A Japanese term meaning “visual record” or “card.” In Lean Manufacturing speak KanBan has come to mean “Signal.”
Comments: So what is KanBan signaling? KanBan “signals” are basically just telling workers that there is more work to be done. In other words, the presence of a “KanBan Card” or an empty “KanBan Location” is a “signal” to do the work described on the card (make the parts) or fill the empty KanBan location with parts which means you have to make them to put them there.
There are many ways to use and implement KanBans like empty totes, pallets, cartons, flashing lights, electronic messages, etc. You can even park a semi truck at a certain dock and that could be your signal to produce parts that will be shipped via this truck. There is no limit to the creativity you can have with KanBan signals. One key is to make them work in your specific situation and environment.
Perhaps the most important rule of KanBan is to “Obey KanBan.” In other words do not go around the system or it will fail. Failing to keep the rules of KanBan will result in higher inventories, greater risk for errors/defects, and other associated problems.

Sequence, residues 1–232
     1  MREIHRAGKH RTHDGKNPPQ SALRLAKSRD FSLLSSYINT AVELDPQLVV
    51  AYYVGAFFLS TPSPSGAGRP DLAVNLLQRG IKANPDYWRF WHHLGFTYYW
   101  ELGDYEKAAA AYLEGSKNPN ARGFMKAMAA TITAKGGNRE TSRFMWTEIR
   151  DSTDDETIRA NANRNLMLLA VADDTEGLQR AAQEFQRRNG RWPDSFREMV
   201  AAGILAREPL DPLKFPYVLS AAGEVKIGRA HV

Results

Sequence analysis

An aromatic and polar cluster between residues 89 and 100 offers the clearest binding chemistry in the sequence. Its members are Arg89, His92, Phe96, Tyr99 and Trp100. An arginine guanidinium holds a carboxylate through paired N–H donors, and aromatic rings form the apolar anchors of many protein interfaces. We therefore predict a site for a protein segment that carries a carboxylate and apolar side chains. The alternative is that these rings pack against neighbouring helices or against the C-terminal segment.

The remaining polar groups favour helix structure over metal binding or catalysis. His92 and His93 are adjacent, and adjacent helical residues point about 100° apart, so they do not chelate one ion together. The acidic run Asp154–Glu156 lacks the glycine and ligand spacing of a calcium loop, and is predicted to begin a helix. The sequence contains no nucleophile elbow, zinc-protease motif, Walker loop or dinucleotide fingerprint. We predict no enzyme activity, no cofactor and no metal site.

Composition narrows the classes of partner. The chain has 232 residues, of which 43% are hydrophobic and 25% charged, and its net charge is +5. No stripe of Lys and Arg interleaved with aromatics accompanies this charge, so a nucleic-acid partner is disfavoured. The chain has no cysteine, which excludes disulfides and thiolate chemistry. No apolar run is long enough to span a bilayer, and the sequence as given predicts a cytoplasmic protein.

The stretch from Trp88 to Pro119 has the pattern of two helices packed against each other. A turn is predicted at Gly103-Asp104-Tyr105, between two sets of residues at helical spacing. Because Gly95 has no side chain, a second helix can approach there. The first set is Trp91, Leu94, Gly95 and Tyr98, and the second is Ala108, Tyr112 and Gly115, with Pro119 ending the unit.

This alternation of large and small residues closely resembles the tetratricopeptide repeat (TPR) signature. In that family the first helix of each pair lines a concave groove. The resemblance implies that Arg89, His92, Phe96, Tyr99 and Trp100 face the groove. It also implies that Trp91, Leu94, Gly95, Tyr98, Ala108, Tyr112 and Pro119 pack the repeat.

Now that we have emphasized keeping the rules of KanBan we must discuss a few reasonable exceptions. Breaking KanBan limits to production should occur if a machine has broken but will be able to catch up as soon as it is repaired. Yes, you will be building inventories, but this machines cycles faster than the feeding machine(s) and will be able to process the “TEMPORARY” glut of WIP “Work in Process” parts.
One more exception might be breaking KanBan to create parts for a customer or sister company that suddenly and desperately needs parts that are only finished to a certain degree. You may find yourself off-loading a machine or process to feed temporary work cells to meet this unexpected and “temporary” demand.
Generally speaking you’ll want to stick with KanBan and follow its’ basic rules. It works better that way.
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